Simple enough, right? Except... the garages have a reputation. Here's a cartoon from vk.com- Mom leans out the window, saying, "Don't go to the garages."


I don't know what really happens at the garages. We only lived in one place with garages, and they were always locked up and quiet. But according to Ukrainian photographer Anatoliy Babiychuk, garages are the original Man Caves for Ukrainian guys. From 2007-2014, he photographed The Garages of Chervonograd. He writes, "From the moment the garages were built, they began to be ‘misused’ by their owners/users, who transformed their original function to their own ends." I liked looking through Babiychuk's photos and finally getting to see what's inside these mysterious little squares. Have you ever been inside a Ukrainian garage?

Sunday, January 8, 2017

Peacock Lane


Last year, I made a list of 80 things to try. Um, yeah, that turned out to be a little unrealistic... but this was the last thing I crossed off the list before the year ended.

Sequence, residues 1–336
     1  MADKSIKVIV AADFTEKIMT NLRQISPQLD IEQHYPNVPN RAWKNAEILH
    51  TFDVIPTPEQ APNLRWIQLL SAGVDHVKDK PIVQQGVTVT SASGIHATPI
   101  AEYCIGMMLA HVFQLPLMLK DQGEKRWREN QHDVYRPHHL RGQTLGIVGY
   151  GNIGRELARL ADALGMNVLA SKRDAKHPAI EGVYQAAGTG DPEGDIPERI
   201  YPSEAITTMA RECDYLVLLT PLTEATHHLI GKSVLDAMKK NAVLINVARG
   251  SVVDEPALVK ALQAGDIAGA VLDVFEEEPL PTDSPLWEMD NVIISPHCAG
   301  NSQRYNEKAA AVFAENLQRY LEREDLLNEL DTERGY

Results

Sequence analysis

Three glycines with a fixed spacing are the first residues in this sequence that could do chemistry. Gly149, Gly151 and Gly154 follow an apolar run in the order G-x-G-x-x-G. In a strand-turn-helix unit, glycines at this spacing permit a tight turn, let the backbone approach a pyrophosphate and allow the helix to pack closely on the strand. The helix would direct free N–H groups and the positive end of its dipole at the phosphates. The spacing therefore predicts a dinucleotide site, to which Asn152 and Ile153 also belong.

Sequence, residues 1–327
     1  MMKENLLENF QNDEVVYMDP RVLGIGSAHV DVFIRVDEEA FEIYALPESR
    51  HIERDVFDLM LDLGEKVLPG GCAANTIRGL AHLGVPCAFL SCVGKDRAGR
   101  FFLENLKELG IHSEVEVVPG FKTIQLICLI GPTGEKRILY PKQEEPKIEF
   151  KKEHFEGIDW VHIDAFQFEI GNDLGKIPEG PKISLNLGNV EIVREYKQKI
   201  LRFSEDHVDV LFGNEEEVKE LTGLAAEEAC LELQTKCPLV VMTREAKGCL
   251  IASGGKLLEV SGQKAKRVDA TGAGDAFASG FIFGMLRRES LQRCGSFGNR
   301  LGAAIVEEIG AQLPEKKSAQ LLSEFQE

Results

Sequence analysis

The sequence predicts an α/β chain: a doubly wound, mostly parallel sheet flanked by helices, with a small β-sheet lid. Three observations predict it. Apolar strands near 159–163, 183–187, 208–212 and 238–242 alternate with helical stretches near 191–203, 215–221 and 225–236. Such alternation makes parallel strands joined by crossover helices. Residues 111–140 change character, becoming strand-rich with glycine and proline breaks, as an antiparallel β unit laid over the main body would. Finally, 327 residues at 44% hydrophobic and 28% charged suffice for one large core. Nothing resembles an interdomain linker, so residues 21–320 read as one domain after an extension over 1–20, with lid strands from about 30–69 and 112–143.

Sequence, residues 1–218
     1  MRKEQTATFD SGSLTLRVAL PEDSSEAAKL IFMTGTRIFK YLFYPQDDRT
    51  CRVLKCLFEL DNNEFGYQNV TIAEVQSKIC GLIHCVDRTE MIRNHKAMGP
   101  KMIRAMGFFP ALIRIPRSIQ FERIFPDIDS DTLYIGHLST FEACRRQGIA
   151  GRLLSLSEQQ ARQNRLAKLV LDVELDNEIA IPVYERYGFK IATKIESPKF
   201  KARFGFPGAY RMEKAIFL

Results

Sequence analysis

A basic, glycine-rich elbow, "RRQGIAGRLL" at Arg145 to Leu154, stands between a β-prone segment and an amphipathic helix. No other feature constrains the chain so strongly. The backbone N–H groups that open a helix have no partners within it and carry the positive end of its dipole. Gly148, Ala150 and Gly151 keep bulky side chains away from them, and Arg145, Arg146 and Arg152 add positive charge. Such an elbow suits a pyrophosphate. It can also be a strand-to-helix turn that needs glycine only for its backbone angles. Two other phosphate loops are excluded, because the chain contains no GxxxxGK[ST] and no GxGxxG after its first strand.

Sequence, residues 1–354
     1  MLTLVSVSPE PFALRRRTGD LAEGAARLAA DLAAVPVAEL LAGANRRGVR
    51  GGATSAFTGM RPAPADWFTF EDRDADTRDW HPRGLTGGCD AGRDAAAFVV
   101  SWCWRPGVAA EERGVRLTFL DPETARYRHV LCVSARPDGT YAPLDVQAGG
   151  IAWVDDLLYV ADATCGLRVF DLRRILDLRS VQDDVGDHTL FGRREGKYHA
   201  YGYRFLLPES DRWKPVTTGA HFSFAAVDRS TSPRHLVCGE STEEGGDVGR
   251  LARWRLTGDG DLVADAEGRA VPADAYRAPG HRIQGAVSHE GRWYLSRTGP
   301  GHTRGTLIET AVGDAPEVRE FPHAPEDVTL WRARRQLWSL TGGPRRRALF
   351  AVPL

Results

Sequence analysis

Wednesday, January 4, 2017

A New Year's salad + other dishes


Look at that beauty!! :) This is a salad named «мой генерал» and it comes from this YouTube video. It's like any New Year's salad you would find in Ukraine: mayonnaise, mayonnaise, and mayonnaise. I miss Ukraine the most during the holidays, so I decided to make a few things that are served there this time of year.

The salad is a variation on the popular holiday salad olivie, which D's mom makes every December. (Here's a good recipe for that salad.) I liked the layers and the look of «мой генерал», though. It was SO EASY to make. You simply layer chicken + vegetables, with a nearly-catastrophic layer of mayonnaise in between everything.

The next idea came from a Russian-language pin on Pinterest:

Hard-boiled eggs, tomatoes, and (more) mayo.

When my mom saw this plate, she balked. "I know that your husband's mother would not allow that on the table!" (Remember that time we gave his mom a deadly doormat?)